Whether it's in the middle of the yard or sunken into the center of a patio, this fire pit couldn't be easier to make. Angled pavers make it simple to create a perfect circle, and gravel at the bottom helps level the bottom of the fire pit and keeps the fire contained to the pit. You can adjust the size of the fire pit by arranging the pavers to have more of the longer edges facing in.
Site the pit on a flat area about 12 feet in diameter. Place the stake at the center of your desired circle (ours is 56 inches in diameter), tie the spray-paint can to a string attached to the stake, and mark a circle. Dig out the dirt within the circle to about 18 inches deep.
Fill the pit with 6 inches of gravel. Rake smooth and tamp after each load to make a solid base. Then spread a layer of course sand over the gravel, tamp, and check that it's level.
Use the stake, string, and paint to mark an inner circle guide for placing the first layer of retaining-wall units. Our inner circle is 38 inches in diameter. If you're using a fire ring, place it to be in line with the painted circle.
Place the first row of retaining-wall units in a circle. Use the mallet to set them in the sand and gravel. Check that it's level from side to side and front to back after you place each unit.
Add the second row of retaining-wall units. Many products feature a groove on the bottom and a ridge on top, allowing the rows to interlock. Add the top row of blocks and glue in place with the concrete adhesive. Make sure the blocks are clean and dry before you apply the adhesive.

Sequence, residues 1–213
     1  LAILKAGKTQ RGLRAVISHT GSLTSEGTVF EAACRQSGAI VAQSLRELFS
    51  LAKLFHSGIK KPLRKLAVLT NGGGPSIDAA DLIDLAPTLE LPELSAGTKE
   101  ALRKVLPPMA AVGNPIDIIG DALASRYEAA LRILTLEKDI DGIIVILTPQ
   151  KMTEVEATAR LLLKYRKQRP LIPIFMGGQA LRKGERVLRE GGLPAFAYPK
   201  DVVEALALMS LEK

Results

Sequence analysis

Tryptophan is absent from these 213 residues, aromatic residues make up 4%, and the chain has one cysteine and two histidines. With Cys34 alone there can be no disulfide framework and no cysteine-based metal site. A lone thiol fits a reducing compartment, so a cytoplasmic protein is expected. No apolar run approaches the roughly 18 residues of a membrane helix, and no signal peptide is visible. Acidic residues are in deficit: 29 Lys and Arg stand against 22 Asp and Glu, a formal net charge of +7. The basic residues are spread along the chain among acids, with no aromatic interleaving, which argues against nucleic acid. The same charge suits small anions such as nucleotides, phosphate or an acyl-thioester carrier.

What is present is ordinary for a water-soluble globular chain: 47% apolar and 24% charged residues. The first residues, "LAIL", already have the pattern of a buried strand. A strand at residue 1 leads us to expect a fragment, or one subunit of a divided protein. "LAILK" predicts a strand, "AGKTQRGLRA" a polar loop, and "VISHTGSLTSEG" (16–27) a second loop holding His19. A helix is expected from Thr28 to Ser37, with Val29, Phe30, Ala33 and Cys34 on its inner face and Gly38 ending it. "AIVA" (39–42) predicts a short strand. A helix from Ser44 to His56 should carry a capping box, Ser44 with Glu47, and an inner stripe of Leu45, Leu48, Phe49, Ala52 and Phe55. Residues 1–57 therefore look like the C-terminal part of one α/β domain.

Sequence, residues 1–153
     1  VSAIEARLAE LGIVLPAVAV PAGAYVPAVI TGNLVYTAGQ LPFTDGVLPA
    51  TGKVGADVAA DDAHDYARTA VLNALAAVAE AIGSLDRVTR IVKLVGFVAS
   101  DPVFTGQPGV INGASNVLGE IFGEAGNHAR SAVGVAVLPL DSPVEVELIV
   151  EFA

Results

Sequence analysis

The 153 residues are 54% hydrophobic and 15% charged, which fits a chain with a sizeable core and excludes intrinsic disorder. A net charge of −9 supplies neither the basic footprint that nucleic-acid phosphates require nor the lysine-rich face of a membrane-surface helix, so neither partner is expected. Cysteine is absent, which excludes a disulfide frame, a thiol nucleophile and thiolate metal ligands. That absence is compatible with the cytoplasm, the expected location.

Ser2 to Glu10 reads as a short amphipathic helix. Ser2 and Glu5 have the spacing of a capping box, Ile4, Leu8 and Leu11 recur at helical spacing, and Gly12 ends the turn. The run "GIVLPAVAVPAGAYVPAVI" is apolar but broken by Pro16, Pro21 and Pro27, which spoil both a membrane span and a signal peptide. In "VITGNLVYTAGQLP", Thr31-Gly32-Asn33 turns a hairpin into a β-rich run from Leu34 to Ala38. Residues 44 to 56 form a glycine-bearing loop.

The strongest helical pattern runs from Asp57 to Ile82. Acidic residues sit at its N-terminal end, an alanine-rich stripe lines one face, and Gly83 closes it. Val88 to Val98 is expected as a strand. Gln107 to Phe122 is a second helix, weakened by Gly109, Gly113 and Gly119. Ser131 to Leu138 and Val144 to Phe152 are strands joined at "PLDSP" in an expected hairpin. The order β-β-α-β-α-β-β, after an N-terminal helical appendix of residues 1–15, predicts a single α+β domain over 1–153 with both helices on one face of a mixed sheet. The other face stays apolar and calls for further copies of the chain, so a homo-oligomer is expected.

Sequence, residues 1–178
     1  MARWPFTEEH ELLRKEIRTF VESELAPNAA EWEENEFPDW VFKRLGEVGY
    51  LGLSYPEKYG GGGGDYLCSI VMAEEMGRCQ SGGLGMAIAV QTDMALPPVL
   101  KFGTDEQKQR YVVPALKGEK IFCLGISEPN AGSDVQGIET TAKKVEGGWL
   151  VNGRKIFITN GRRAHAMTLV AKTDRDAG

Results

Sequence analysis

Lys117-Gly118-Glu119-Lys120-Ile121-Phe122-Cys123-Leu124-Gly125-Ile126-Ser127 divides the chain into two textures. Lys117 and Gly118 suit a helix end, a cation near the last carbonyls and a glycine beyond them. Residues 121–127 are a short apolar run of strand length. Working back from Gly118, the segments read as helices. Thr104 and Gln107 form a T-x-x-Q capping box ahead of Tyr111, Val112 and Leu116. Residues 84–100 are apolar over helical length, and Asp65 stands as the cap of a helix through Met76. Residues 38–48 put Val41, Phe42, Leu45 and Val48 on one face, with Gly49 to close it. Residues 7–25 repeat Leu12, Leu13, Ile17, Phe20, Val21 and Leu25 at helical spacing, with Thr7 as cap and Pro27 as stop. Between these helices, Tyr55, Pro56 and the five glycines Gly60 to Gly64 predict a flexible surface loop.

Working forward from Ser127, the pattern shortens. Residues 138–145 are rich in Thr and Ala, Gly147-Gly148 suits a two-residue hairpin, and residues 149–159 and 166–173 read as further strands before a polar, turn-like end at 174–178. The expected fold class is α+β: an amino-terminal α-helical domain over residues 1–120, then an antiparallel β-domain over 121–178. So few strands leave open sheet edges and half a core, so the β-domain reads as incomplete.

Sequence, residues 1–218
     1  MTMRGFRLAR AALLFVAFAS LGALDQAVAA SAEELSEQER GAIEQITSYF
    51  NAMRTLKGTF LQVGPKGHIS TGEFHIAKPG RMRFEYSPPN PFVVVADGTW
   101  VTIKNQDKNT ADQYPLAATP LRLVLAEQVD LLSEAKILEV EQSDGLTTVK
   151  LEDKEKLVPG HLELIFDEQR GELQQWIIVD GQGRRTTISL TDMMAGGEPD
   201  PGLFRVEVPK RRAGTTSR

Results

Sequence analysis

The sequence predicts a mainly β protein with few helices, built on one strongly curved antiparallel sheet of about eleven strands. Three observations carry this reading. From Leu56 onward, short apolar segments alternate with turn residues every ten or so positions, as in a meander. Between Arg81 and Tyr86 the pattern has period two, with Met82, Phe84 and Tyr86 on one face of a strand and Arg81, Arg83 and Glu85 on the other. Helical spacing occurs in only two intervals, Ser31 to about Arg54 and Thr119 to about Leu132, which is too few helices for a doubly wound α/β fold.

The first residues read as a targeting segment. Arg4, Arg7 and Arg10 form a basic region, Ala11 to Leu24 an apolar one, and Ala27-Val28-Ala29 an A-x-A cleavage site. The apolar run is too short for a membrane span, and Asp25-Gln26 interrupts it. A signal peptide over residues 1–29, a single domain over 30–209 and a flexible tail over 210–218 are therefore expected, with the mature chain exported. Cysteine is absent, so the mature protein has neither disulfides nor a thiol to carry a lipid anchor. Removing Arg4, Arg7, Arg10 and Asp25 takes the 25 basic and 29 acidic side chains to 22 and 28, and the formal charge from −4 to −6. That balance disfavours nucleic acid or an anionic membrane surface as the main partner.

To surround the pit with pavers, first create a 6-inch gravel base topped with 1 inch of course concrete sand. Lay the pavers in the pattern of your choice. After the pavers are in place, install a plastic or aluminum-edge restraint. Sweep concrete sand into the joints until the joints are full. Compact the surface with a hand-compactor or rent a plate contractor.
The instructions don’t match the video
I agree. But also nothing about the steel pit wall. Also all these never answer the question about fireproof. Those blocks are not made to withstand high heat. I bet after several uses they will start to crack and crumble. Unless these things are made out of fire brick I bet they don't last.